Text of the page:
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The Rise and Fall of the Explorer: How Microsoft Lossed in the Browser War - Walla! technology


The arrogance led the company to place a statue with the Explorer logo on the competitors' lawn. But she fell asleep on guard and lost the premiere

The Rise and Fall of Explorer: This is how Microsoft lost the browser war

The arrogance led the company to place a statue with the Explorer logo on the competitors' lawn.

But she fell asleep on guard and lost the premiere

Itai Byron, in collaboration with "The Technology", the technology division of Bank Hapoalim


Tuesday, 28 June 2022, 09:48

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Internet Browser (Photo: ShutterStock)

In the 90's, the commercial internet was in its infancy, but even then it was clear to quite a few people that it was the next hot thing.

Since Netscape launched its web browser in 1994, millions of customers have started browsing the web through a convenient graphical interface.

Every child knows that there is no good action movie without a worthy opponent.

It is therefore not surprising that in 1995 Microsoft launched what would become Netscape's biggest rival - Internet Explorer, which recently inflated its soul (and was replaced by an edge).

The big island in the grass of

this launch was the opening shot for the browser war.

Netscape and Microsoft have resolutely released new versions of their browsers, responding to each other at a dizzying pace.

When Netscape released Javascript, which gave static websites flexible processing and logic capabilities that did not exist before, Microsoft responded and implemented CSS, which has since become the standard website design language.

The war went down to the lawn.

In 1997, when Microsoft launched version 4 of Explorer, the company held a nightly launch party.

At midnight, as they were excitedly fueled (and perhaps in other things), the workers placed a large four-meter-tall statue in the shape of the letter e (the browser icon) on the lawn at Netscape's headquarters.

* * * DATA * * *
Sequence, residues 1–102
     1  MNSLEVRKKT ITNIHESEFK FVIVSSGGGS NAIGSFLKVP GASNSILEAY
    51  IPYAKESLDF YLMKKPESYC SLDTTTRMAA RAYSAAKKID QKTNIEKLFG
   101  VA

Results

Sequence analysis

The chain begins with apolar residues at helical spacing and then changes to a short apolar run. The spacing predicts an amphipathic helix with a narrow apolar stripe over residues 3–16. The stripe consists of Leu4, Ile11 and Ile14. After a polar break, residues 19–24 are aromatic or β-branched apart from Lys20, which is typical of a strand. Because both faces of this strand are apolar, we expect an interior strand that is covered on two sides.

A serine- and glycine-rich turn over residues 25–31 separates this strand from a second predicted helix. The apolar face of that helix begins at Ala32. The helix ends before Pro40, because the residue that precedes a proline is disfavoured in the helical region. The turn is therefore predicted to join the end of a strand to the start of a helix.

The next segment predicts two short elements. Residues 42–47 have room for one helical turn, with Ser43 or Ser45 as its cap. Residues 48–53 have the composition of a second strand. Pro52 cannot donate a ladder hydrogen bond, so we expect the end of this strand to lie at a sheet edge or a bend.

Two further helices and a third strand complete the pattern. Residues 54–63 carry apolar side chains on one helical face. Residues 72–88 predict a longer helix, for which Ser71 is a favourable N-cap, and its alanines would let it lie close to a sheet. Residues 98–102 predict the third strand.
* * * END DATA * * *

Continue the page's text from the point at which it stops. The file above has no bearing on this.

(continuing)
Netscape employees immediately responded to the territory marking and provocation move.

They dropped the e, placed a 1.8-meter-high statue of their mascot on it - the dinosaur "Mozilla", and spray-painted the caption "Netscape Now" on the fallen statue.

At the time, Netscape still controlled 75% of the browser market.

Although this is a much better browser, it was too little and too late.

edge (Photo: ShutterStock)

Windows that changed everything at the

same time, Microsoft made a much more significant and controversial move than an amusing stretch with sculptures.

The company integrated Explorer into the Windows 95 operating system, and drank Netscape's market share, until it reached 96% in 2002.

Competitors and regulators in various countries claimed it was a monopolistic move.

It is simply impossible to compete with a browser that comes for free with your computer, already from the store.

Just before Netscape was sold, when it was defeated, it released its code base, under the Mozilla Foundation, which developed the Firefox browser.

By the end,

when competitors around were almost gone, Microsoft had minimized Explorer's development team, according to one of the engineers who worked for the company.

In 2003 the company announced that it would not be a standalone product, but simply part of the Windows operating system.

The maintenance of the browser in the following years was minimal, and support for new Internet standards was minimal.

Microsoft stopped supporting Mac, and barely supported Mobile.

This neglect led to Mozilla's Firefox growing, and at the same time Google's Chrome (which today controls about 65% of the market).

Microsoft's second browser, edge, released in 2015, was an attempt by the company to start from scratch and lead the market again.

But even though it's a much better browser, it was too little and too late.

edge holds only about 10% of the market - and in a market that is mostly based on mobile, it will be very difficult for it to rise.

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Source: walla

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